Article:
As Christians we should instead be looking for “whatever is true, whatever is honorable” (Phil. 4:8). When we find we have strayed off the path, we need to acknowledge and correct the error. I confess it would be nice to be a large enough player in the industry to have to worry about these things. I hope that if that happens, I will be able to uphold the appropriate standards, by God’s grace.
Tonight at 7:00 pm central time for the weekly Energion Google Hangout on Air I’ll be moderating a panel of four authors. You can find the event information on our Google+ page.
The participants are:
This event is not a debate about creation and evolution. While I vary the content from hangout to hangout, I avoid outright debates. Each of these authors accepts the theory of evolution but also believes that God is the creator. Dr. Herold Weiss started the series, which also includes Creation: The Christian Doctrine by Dr. Edward W. H. Vick, who is unavailable for this panel. What I have asked them to do for this panel is talk about how their beliefs about creation impact the way the read scripture, teach, worship, and live.
The YouTube embed to view the event is below. If you want to ask questions of the panel using the Q&A App, you’ll need to sign into Google+. There should be a link on the YouTube viewer at the time the event starts for you to do so.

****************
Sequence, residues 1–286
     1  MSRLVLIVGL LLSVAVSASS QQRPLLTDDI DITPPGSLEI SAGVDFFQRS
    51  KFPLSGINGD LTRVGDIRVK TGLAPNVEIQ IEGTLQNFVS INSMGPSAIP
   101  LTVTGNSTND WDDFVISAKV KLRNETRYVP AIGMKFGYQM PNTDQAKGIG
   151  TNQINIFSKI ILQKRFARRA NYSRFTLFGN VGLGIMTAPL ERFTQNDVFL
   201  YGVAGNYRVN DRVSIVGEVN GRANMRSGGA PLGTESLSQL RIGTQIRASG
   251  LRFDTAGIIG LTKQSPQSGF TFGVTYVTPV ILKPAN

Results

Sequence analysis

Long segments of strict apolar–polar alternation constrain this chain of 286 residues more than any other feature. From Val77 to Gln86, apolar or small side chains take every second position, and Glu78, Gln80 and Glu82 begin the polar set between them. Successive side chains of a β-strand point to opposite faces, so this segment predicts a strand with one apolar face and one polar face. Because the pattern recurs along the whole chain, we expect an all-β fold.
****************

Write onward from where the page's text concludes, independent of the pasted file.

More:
Mark Bauerlein at First Things doesn’t like laptops in the classroom (HT: Dave Black Online.) Even the title of the post says something about his view of technology. For what it’s worth, I write things by hand on my tablet. I teach Sunday School using notes, book, and Bible references on my tablet as well. If a speaker is boring, I might well be reading e-mail. The solution? Improve your content.
I agree with one of the commenters who said he used a laptop in class and if he ended up in a class where the teacher banned laptops, he dropped the class or found a section with a different teacher.
“I think my prayers make a difference, but they’re not omnipotent.”
Listen to the whole interview by Doug Pagitt with Dr. Bruce Epperly, author of the recently released book Finding God in Suffering.
The reading is chapter 2 of Herold Weiss’s book Meditations on According to John, Making Himself Equal with God and the scriptures in it. My recommendation is to read the entire gospel of John through each week during this study. The topics are so carefully tied together through the entire book.
Here’s the trailer:
And you can watch the event here (Jan. 22, 2015, 7:00 pm central, 8:00 pm eastern):